Playboy made its entire web site an homage to founder Hugh Hefner, who died Wednesday at the age of 91.
The regular contents of Playboy.com were replaced by an image of the young Hefner embodying the character of his brand, as he so often did since launching it in 1953, smoke rising from a pipe. The only text is a quote attributed to Hefner: “Life is too short to be living somebody else’s dream.” A memorial has not yet been set.
“My father lived an exceptional and impactful life as a media and cultural pioneer and a leading voice behind some of the most significant social and cultural movements of our time in advocating free speech, civil rights and sexual freedom. He defined a lifestyle and ethos that lie at the heart of the Playboy brand, one of the most recognizable and enduring in history,” said Hefner’s 26-year-old son, Cooper, who is the chief creative officer of Playboy Enterprises.
Playboy, which was both a lifestyle magazine that spoke to a man’s fantasy of himself as a sophisticated ladies’ man and a print publication that featured nude centerfolds interspersed with often surprisingly literary articles, became a cultural touchstone, and Hefner, clad in his signature silk pajamas and robes that exemplified the Playboy lifestyle, was virtually indistinguishable from the brand. “He was very classic. He never wanted anything trendy. He never wanted anything to change,” remembered Hollywood clothier Rick Pallack, who designed Hefner’s silk sleepwear — black for business, jewel-toned and paisley for fun — and formal wear since 1989.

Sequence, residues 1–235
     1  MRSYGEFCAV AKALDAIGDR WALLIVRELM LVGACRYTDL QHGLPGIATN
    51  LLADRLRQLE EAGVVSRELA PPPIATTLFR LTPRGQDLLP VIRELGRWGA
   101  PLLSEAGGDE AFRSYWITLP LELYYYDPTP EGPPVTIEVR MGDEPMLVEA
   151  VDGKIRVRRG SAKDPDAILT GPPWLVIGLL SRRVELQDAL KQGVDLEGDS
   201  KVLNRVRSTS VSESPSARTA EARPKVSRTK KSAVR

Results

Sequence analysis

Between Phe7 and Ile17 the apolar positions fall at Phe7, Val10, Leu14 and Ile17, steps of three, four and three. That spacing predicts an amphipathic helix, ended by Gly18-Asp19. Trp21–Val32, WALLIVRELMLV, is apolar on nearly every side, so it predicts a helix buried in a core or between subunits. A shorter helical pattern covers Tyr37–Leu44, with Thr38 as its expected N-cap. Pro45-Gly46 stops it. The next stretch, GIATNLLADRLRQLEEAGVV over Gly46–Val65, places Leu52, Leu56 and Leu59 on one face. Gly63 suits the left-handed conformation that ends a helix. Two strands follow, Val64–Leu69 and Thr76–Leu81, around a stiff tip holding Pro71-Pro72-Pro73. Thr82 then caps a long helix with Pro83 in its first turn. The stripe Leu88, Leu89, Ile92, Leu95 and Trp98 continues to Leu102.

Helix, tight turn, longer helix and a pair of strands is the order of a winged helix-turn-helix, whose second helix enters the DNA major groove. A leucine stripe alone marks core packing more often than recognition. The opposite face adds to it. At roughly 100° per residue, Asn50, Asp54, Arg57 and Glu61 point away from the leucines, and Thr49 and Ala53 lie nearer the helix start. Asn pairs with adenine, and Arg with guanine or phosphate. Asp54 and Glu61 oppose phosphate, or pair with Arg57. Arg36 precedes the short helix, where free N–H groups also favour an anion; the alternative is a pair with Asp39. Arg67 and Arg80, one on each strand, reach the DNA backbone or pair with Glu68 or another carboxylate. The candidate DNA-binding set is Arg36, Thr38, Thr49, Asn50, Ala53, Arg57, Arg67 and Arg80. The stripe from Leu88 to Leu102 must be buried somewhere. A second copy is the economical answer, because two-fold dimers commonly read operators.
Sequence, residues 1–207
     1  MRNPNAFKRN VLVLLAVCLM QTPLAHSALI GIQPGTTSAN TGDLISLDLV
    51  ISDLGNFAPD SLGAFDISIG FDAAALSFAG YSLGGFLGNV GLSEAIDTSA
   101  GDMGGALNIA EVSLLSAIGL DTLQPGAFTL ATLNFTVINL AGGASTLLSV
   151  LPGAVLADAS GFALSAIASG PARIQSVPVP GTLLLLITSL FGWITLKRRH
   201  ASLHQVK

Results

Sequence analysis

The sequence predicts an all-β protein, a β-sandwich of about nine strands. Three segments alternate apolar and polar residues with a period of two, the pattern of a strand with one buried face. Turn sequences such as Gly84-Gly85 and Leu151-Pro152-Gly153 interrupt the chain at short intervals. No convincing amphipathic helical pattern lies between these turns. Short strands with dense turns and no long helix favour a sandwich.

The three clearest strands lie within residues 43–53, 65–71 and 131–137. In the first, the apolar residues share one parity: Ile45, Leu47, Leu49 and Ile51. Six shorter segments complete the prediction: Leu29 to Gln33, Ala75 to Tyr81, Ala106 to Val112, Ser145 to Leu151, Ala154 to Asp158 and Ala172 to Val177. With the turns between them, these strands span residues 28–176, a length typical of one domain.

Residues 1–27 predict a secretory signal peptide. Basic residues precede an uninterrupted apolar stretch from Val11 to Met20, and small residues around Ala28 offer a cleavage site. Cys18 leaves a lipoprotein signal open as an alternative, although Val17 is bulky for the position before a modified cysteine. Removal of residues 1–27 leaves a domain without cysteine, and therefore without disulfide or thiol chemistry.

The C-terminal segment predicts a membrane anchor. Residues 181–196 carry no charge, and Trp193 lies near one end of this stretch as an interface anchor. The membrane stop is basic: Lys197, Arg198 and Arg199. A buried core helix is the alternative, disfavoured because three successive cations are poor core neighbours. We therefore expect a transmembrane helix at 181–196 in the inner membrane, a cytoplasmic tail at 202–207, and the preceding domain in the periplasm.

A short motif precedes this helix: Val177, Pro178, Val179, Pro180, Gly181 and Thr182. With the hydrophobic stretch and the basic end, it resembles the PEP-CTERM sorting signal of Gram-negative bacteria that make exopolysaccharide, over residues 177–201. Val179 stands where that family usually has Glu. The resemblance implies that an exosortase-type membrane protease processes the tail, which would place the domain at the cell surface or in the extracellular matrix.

At the magazine’s height of popularity, circulation was over 5.6 million and the company had successful branding and franchises that extended far beyond print.
But in recent years, the publication experienced a downturn, a casualty of both the industrywide forces affecting the magazine world and the ubiquity of free pornography available on the Internet. For both news and porn, it’s hard to get people to pay for something once they get used to having it for free. For the six months ending in June, total paid and verified subscriptions were 450,588 and newsstand sales were 23,632, according to the Alliance for Audited Media.
The company, which went public in 1971, was taken private in 2011 by Hefner, who had maintained a majority stake — following the news that he “was warming up to a sale,” which WWD reported in 2009.
Cooper returned to Playboy in June 2016, following the 2015 announcement that the magazine would do away with nudity — a highly publicized decision that garnered headlines if nothing else. The first issue sans nudes had the soft core, sexually suggestive hipster aesthetic of an American Apparel ad campaign or an early issue of Vice. But that idea was abandoned after a year, following the return of the young Hefner, who took on the role of chief creative officer. This past spring, Playboy brought back topless women, including Cooper’s actress fiancée. It was a return to form, even if the overall aesthetic was still arty and made a nod towards modern feminist movements with cover lines such as “free the nipple.”
“The younger generation is the future,” Hugh Hefner was quoted as saying in a 2007 WWD story. “Any brand — and it’s true for Playboy — has to renew itself.”